It’s not enough. By anyone else’s standards, of course, Bruce Springsteen & the E Street Band Live/1975-85 is an embarrassment of riches — five albums and ten years’ worth of barroom, hockey-arena and baseball-stadium dynamite; greatest hits, ace covers, love songs, work songs, out-of-work songs — the ultimate rock-concert experience of the past decade finally packaged for living-room consumption, a special gift of thanks to the fans who shared those 1001 nights of stomp & sweat and the best possible consolation prize for the poor bastards who could never get tickets.
In 2015, committed to performing the newly reissued Sticky Fingers in its entirety for the first time ever, they had to deal with the 1971 album’s often-serious topics and occasionally hushed dynamics.
Televised as a Rockpalast Special; The correct date for the Van Morrison show is Sunday April 4. The Rockpalast Night where this show was taken from started on April 3 around 11:00 pm with Rick James. Van played the second set and this was around 1:00 am on April 4. Therefore date of the actual show started on April 3 (in the late evening) and ended on April 4 (in the early morning). The broadcast date was the following evening April 4. Most of the Rockpalast shows are broadcast the date following the actual show. Hence the show was played over the 3rd and 4th of April 1982. It was broadcast live across Europe on April 4, 1982 that evening. This is why this show sometimes circulates as April 3 , 1982 (panicstream.net)
Taking notes on vocal harmonies from friends Crosby, Stills, Nash & Young, the Dead used the softer statements of their fourth studio album as a subtle but moving reflection on the turmoil, heaviness, and hope America’s youth was facing as the idealistic ’60s ended. American Beauty was recorded just a few months after its predecessor, both expanding and improving on the bluegrass, folk, and psychedelic country explorations of Workingman’s Dead with some of the band’s most brilliant compositions. – Fred Thomas (Allmusic)
It took me a while to get into Grateful Dead, but when they hit me, they hit me hard! This is my second favorite of their albums (my number one is Workingman’s Dead) I should say studio albums, because I really love their early 70s live stuff.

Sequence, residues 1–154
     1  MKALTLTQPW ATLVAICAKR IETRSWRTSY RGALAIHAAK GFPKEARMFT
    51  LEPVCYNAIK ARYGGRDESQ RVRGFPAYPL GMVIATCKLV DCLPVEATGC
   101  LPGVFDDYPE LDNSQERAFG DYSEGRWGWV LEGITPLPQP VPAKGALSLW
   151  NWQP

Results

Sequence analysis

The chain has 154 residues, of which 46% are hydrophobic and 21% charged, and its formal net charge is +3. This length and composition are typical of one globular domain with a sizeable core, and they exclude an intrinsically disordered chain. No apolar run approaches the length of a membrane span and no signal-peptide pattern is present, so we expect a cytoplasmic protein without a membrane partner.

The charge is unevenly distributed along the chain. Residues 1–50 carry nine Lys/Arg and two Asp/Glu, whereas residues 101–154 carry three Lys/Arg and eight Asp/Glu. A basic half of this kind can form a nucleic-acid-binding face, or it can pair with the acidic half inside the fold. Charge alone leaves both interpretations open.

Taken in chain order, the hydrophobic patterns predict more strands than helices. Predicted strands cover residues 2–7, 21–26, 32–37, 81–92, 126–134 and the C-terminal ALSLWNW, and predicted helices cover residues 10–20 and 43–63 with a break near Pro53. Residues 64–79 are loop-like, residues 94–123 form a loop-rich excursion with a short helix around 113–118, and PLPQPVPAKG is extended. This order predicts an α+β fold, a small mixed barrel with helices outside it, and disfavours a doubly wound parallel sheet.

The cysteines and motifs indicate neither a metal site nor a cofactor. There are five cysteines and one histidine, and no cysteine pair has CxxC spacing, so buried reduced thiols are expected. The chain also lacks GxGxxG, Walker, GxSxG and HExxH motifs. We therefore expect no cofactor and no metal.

American Beauty is the sixth album by the rock band the Grateful Dead. It was recorded between August and September 1970 and originally released in November 1970 by Warner Bros. Records. The album continued the folk rock and country music explored on Workingman’s Dead and prominently features the lyrics of Robert Hunter.
In 2003, the album was ranked number 258 on Rolling Stone magazine’s list of the 500 greatest albums of all time.
I Heard It Through the Grapevine” isn’t a plea to save a love affair; it’s Marvin Gaye’s essay on salvaging the human spirit. The record distills four hundred years of paranoia and talking drum gossip into three minutes and fifteen seconds of anguished soul-searching.
~Dave Marsh (The Heart of Rock & Soul)
October 30, 1968
April 10, 1967
Hitsville USA (Studio A), (Detroit, Michigan)
“I Heard It Through the Grapevine” is a song written by Norman Whitfield and Barrett Strong for Motown Records in 1966, and made famous by Marvin Gaye in a single released in October 1968 on Motown’s Tamla label.
Originally recorded by Smokey Robinson & the Miracles in 1966, that version was rejected by Motown owner Berry Gordy, who told Whitfield and Strong to make it stronger. After recording the song with Marvin Gaye in 1967, which Gordy also rejected, Whitfield produced a version with Gladys Knight & the Pips, which Gordy agreed to release as a single in September 1967, and which went to number two in the Billboard chart. The Marvin Gaye version was placed on his 1968 album In the Groove, where it gained the attention of radio disc jockeys, and Gordy finally agreed to its release as a single in October 1968, when it went to the top of the Billboard Pop Singles chart for seven weeks from December 1968 to January 1969 and became for a time the biggest hit single on the Motown label. The Gaye recording has since become acclaimed a soul classic:
in 2004, it was placed on the Rolling Stone list of The 500 Greatest Songs of All Time
On the commemorative 50th Anniversary of the Billboard Hot 100 issue of Billboard magazine in June 2008, Marvin Gaye’s “Grapevine” was ranked 65th
It was also inducted to the Grammy Hall of Fame for “historical, artistic and significant” value
Live at Montreux, 1980:
Whitfield recorded the song with Marvin Gaye over five sessions, the first on February 3, 1967, and the final one on April 10, 1967. Recordings of this version took more than a month due to Whitfield overdubbing Gaye’s vocals with that of the Andantes’ background vocals, mixing in several tracks featuring the Funk Brothers on the rhythm track, and adding the string section from the Detroit Symphony Orchestra with an arrangement by Paul Riser. The session featuring Gaye led to an argument between the producer and singer. Whitfield wanted Gaye to perform the song in a higher key than his normal range, a move that had worked on David Ruffin during the recording of the Temptations’ hit, “Ain’t Too Proud to Beg”. The mixture of Gaye’s raspy vocals and the Andantes’ sweeter harmonies, made Whitfield confident that he had a hit; however, despite approval from Motown’s Quality Control Department, Gordy blocked the release.
Lead vocals by Marvin Gaye
Background vocals by The Andantes: Jackie Hicks, Marlene Barrow and Louvain Demps
Instrumentation by the Funk Brothers and the Detroit Symphony Orchestra